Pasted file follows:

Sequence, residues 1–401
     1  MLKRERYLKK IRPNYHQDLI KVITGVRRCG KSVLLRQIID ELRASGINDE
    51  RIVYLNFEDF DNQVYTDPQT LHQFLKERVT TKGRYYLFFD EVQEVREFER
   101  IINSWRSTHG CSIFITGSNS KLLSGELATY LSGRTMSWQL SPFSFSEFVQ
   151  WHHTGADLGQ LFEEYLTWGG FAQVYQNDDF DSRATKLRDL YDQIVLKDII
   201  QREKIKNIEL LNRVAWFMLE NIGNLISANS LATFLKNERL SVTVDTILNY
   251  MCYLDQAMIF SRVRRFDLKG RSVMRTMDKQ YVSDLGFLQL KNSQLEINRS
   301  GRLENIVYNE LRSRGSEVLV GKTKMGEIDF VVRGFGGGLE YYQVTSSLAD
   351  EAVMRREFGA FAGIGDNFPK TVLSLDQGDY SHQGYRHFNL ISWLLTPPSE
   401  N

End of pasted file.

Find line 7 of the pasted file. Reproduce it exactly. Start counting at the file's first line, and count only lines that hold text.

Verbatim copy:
   251  MCYLDQAMIF SRVRRFDLKG RSVMRTMDKQ YVSDLGFLQL KNSQLEINRS